The majority of what our firm does is bankruptcy related. We advise individuals, farmers, and small businesses on their debt relief options and often recommend bankruptcy filings. We file a lot of bankruptcies for Kansas and Missouri residents in and around metro Kansas City. We pride ourselves on our reputation as a firm of bankruptcy excellence.
But we don’t limit ourselves to Chapter 7 and Chapter 13 bankruptcy. Especially in these trying times, we have options to help our clients that don’t strictly involve bankruptcies. In addition to Chapter 7 and 13, we also provide small businesses with Chapter 11 and farmers/fishermen with Chapter 12. In addition, W M Law is able to help with a variety of other issues, some listed below:
* come to terms on a workout with a primary secured lender for a business
* renegotiating a commercial lease
* represent a non-profit in conjunction with membership disputes
* handle small estate and probate matters – work that goes beyond our traditional estate planning work drafting wills and other documents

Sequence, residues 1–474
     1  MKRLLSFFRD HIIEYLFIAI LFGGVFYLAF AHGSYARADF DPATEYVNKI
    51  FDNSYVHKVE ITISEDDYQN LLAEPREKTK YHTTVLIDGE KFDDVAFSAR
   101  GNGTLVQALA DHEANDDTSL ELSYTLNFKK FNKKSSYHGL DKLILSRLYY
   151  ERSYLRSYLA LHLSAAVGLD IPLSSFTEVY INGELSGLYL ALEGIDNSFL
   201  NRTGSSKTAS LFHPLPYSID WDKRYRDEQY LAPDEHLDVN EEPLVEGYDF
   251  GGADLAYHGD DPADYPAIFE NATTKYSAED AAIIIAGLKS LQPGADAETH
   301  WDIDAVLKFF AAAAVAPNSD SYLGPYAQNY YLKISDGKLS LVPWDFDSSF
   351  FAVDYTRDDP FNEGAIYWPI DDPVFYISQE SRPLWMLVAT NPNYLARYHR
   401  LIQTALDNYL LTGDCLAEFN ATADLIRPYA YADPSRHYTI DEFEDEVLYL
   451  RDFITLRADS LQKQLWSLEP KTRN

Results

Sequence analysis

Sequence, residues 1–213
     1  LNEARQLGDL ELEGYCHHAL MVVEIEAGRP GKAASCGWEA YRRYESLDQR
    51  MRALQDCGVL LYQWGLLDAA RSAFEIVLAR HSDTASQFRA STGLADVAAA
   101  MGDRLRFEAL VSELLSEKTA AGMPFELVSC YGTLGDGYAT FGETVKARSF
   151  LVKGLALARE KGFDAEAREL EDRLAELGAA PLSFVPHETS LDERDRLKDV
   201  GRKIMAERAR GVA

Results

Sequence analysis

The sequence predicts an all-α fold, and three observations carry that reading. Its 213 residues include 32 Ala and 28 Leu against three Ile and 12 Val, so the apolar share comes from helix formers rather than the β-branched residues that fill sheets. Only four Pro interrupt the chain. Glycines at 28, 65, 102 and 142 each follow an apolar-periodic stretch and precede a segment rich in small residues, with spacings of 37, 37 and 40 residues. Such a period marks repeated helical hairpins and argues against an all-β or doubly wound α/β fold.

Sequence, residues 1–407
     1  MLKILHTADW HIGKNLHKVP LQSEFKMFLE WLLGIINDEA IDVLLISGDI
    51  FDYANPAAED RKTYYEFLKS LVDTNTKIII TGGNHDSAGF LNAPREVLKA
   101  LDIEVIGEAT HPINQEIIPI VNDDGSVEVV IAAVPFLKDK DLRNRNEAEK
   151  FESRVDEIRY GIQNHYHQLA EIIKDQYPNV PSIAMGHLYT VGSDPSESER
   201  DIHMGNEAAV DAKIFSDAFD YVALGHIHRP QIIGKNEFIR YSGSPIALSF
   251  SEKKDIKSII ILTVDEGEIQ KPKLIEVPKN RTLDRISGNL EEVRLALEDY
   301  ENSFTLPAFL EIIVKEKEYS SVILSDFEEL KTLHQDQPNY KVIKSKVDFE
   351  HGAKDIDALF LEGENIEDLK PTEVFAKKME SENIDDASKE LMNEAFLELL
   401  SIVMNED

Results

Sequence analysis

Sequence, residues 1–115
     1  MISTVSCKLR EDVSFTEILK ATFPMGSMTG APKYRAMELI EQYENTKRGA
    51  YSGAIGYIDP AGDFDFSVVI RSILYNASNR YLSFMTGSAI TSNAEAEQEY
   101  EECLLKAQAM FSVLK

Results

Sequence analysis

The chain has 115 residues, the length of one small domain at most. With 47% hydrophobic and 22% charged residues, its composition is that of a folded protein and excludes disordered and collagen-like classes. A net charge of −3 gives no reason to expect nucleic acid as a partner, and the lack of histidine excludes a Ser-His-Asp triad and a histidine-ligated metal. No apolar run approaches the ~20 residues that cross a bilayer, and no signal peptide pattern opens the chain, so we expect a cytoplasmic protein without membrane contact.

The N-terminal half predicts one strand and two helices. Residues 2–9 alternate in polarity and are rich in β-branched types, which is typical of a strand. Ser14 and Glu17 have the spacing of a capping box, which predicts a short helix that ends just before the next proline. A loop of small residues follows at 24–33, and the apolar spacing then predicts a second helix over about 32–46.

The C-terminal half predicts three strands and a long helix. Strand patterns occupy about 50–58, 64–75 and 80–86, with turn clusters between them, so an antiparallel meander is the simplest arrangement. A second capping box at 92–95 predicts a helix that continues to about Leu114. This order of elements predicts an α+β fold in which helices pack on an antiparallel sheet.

* resolve a land dispute through a quiet title action and resulting negotiations
In order to perform this work properly, we need to ensure we have the following traits:
* attention to detail – Reviewing loans and security interests, mortgages and deeds of trust, bankruptcy schedules, and workout documents to ensure accuracy and a benefit for our clients
* an interest in doing the work – Taking the time to draft documents, make an extra phone call to a creditor, or give a reassuring e-mail to our clients that we understand and are advocating for them
* creativity – The ability to approach problems in a different way or offer solutions beyond what most professionals would think to suggest
* honesty – We need to be trusted, not only by our clients, but by the parties against whom we’re negotiating. We are not going to obtain any results for our clients if we don’t have a reputation of being straight shooters
* reason – The most pointless negotiation is one in which the opposing side asks for everything they could potentially obtain, with no concessions to offer. The point of a negotiation is to reach a point where both sides can walk away with something. If you ever see a “settlement proposal” in which one side gets 100% and another side gets 0%, either the client or the drafter of the proposal is being unreasonable
We often do this work on an hourly rate agreement after agreeing on a rough estimate of the costs and a timetable of the work to be done. That timetable and budget should be updated as more work is done and the timeline becomes more defined.
We all begin at a starting point. For us, the question usually boils down to: Are you in financial distress or anticipating financial distress? If the answer is yes, give us a call to discuss your situation. You might be surprised by what we can accomplish.